Depressive symptoms (0–8) (mean [SD])

1.56 (2.01)

1.76 (2.11)

1.47 (1.95)

1.62 (2.04)

1.16 (1.73

1.58 (2.08)

1.19 (1.74)

Values are percentages unless otherwise stated

All figures are weighted for sampling probabilities and differential non-response

SD standard deviation

aNever/rarely = never—once or twice a year; regularly = once every couple of months—twice a week; frequently = 3 days a week—almost every day

Compared with those who were not included, participants who were included in the prospective analyses tended to be more socio-demographically advantaged and in better health. They were significantly younger (mean [SD] 64.4 [9.4] vs. 66.3 [11.5] years, p < .001) and wealthier (% in top quintile 21.6% vs. 15.4%, p < .001) at baseline, and fewer were widowed (10.7% vs. 15.3%, p < .001) or from ethnic minority groups (4.6% vs. 6.8%, p = .002). Fewer were smokers (12.6% vs. 18.7%, p < .001) or non-drinkers (21.7% vs. 28.6%, p < .001). They reported fewer depressive symptoms (1.58 [2.06] vs. 1.30 [1.89], p < .001) at baseline and were less likely to rate their health as fair or poor (24.0% vs. 32.4%, p < .001) or report a limiting long-standing illness (32.3% vs. 38.3%, p < .001). In addition, a greater proportion of the sample retained for prospective analyses reported a decline in sexual desire (31.5% vs. 36.7%, p = .001), but there was no significant difference in the proportion reporting a decline in the frequency of sexual activity, ability to have an erection or ability to become sexually aroused (p > .05).

Cross-sectional and prospective associations between past-year decline in sexual desire, frequency of sexual activities, and sexual function and health status, adjusted for socio-demographic and health-related covariates, are given in Tables 3 (men, cross sectional), 4 (men, prospective), 5 (women, cross sectional) and 6 (women, prospective).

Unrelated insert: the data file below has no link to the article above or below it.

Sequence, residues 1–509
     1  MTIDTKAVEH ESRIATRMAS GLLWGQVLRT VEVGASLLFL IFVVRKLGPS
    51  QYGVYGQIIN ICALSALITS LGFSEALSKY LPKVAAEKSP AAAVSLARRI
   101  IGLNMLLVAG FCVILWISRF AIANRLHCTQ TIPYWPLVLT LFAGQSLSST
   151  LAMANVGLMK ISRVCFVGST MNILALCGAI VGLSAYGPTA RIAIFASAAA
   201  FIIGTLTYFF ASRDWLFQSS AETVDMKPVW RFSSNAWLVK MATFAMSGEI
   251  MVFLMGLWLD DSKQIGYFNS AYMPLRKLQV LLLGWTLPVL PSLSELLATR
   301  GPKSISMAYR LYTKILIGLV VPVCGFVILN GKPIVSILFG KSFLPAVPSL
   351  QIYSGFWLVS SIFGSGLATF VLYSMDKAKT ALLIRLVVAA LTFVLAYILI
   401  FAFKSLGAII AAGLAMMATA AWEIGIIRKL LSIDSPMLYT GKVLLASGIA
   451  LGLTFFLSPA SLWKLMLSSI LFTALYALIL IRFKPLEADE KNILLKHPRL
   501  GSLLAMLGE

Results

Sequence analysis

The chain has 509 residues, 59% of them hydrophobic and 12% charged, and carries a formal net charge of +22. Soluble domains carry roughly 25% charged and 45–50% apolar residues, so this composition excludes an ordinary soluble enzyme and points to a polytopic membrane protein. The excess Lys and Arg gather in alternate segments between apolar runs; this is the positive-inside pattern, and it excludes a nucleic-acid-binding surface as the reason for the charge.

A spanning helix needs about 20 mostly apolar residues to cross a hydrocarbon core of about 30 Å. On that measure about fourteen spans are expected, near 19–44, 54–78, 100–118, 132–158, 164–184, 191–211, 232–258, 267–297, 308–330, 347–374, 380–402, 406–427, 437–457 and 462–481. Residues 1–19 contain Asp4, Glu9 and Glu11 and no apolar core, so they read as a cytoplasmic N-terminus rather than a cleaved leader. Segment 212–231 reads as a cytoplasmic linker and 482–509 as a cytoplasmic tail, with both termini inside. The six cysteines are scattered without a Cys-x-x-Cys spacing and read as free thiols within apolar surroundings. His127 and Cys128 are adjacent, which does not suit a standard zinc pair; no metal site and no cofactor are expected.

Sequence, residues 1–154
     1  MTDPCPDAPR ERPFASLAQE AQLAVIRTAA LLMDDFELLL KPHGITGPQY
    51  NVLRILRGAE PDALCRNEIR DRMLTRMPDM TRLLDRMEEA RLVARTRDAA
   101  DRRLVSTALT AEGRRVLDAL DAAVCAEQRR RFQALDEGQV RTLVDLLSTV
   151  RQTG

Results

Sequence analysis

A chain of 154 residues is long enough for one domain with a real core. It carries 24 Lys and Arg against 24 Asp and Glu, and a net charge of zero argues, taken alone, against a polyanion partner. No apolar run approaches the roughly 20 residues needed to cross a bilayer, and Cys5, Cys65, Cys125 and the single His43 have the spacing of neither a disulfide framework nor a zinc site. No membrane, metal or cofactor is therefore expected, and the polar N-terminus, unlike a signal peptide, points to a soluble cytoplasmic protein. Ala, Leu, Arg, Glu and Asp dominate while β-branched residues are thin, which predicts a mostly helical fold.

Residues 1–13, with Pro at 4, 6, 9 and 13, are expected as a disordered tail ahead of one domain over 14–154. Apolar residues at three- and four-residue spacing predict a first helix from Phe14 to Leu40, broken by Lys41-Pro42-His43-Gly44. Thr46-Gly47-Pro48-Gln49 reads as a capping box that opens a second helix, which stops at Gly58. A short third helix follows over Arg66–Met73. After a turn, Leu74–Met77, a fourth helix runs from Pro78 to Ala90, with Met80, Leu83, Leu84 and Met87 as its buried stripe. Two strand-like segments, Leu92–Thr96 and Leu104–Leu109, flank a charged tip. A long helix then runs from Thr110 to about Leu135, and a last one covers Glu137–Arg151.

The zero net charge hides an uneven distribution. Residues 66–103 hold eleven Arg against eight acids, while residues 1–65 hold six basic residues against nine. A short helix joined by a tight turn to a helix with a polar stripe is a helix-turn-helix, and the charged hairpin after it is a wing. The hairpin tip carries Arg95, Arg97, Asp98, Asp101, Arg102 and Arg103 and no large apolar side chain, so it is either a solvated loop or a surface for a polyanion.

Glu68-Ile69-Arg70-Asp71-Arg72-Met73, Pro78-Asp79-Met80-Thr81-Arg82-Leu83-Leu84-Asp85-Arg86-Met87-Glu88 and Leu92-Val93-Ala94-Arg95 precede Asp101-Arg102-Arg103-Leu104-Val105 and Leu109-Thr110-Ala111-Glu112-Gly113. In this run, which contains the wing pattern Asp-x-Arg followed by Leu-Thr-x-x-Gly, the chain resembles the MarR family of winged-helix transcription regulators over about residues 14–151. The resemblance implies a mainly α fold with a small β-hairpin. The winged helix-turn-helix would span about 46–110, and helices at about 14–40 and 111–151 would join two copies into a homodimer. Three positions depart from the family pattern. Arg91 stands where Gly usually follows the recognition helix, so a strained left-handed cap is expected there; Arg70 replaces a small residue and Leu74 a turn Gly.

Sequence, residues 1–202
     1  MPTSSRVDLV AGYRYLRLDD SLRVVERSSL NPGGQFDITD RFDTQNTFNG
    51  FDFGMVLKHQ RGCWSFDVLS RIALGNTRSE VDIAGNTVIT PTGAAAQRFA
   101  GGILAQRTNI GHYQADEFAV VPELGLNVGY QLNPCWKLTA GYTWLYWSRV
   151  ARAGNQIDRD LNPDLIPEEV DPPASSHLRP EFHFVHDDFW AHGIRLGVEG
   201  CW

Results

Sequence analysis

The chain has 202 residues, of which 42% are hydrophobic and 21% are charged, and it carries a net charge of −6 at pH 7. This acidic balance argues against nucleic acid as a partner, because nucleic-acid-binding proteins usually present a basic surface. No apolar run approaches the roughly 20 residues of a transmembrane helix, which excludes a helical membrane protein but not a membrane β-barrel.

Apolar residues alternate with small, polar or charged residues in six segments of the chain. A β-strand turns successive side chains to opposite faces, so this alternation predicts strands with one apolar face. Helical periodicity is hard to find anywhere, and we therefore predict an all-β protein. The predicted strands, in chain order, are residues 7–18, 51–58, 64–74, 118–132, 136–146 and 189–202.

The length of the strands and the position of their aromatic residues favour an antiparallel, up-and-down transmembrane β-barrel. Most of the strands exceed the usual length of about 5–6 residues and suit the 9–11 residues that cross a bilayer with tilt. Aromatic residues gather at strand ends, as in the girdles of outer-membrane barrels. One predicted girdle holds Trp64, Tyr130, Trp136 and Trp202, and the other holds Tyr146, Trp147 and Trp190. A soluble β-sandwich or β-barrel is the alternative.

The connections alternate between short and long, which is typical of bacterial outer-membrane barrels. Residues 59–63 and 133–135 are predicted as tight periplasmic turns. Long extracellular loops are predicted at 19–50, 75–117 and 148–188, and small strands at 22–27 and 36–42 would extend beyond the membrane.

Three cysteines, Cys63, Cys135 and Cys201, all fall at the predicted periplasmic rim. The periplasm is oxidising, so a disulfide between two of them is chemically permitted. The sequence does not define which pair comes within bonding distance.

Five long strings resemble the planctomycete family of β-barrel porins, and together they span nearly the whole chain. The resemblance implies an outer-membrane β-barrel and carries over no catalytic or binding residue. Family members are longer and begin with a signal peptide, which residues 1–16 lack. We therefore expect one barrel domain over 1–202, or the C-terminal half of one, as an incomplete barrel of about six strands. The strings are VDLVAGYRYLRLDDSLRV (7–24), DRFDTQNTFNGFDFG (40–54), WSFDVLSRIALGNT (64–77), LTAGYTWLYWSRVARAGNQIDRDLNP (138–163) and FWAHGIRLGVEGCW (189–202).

Table 3

Cross-sectional associations in men between past-year decline in sexual desire, frequency of sexual activities, and ability to have an erection and health status

 

Decline

No decline

OR [95% CI]c

p

 

n a

% (SE)b

n a

% (SE)b

  

Sexual desire

      

 Fair/poor self-rated health

852

25.4 (1.2)

1724

25.1 (0.8)

1.05 [0.84–1.31]

.688

 Limiting long-standing illness

852

31.8 (1.3)

1725

29.8 (0.9)

1.13 [0.92–1.38]

.256

 Cancer

852

6.5 (0.8)

1725

5.7 (0.5)

1.19 [0.84–1.66]

.327

 Coronary heart disease

852

12.1 (0.9)

1725

9.7 (0.7)

1.33 [1.02–1.74]

.038

 Stroke

852

4.0 (0.6)

1725

4.0 (0.4)

1.00 [0.66–1.52]

.993

Frequency of sexual activitiesd

      

 Fair/poor self-rated health

733

20.5 (1.2)

1240

19.9 (0.9)

1.06 [0.82–1.38]

.650

 Limiting long-standing illness

733

28.2 (1.3)

1241

24.7 (1.0)

1.23 [0.97–1.54]

.083

 Cancer

733

5.4 (0.7)

1241

4.9 (0.6)

1.06 [0.71–1.60]

.771

 Coronary heart disease

733

6.9 (0.9)

1241

7.8 (0.7)

0.77 [0.54–1.11]

.156

 Stroke

733

2.8 (0.6)

1241

2.9 (0.4)

0.93 [0.53–1.63]

.798

Ability to have an erection

      

 Fair/poor self-rated health

710

26.4 (1.3)

1858

24.5 (0.8)

1.10 [0.87–1.39]

.440

 Limiting long-standing illness

710

31.6 (1.4)

1860

29.9 (0.9)

1.06 [0.85–1.32]

.591

 Cancer

710

6.9 (0.8)

1860

5.7 (0.5)

1.18 [0.82–1.68]

.373

 Coronary heart disease

710

11.1 (1.1)

1860

10.3 (0.6)

1.07 [0.81–1.42]

.647

 Stroke

710

4.1 (0.7)

1860

3.9 (0.4)

1.06 [0.70–1.63]

.777

All percentages and odds ratios are adjusted for age, partnership status, ethnicity, wealth, smoking status, alcohol intake, physical activity and depressive symptoms, and weighted for sampling probabilities and differential nonresponse

aTotal sample size (unweighted)

bPercentage (with standard error) reporting health problem

cAdjusted odds ratios (OR) and 95% confidence intervals (CI) for the health outcome of interest in the group reporting a decline in sexual desire/frequency of sexual activities/ability to have an erection relative to the group not reporting a decline

dAmong those who reported being sexually active

Table 4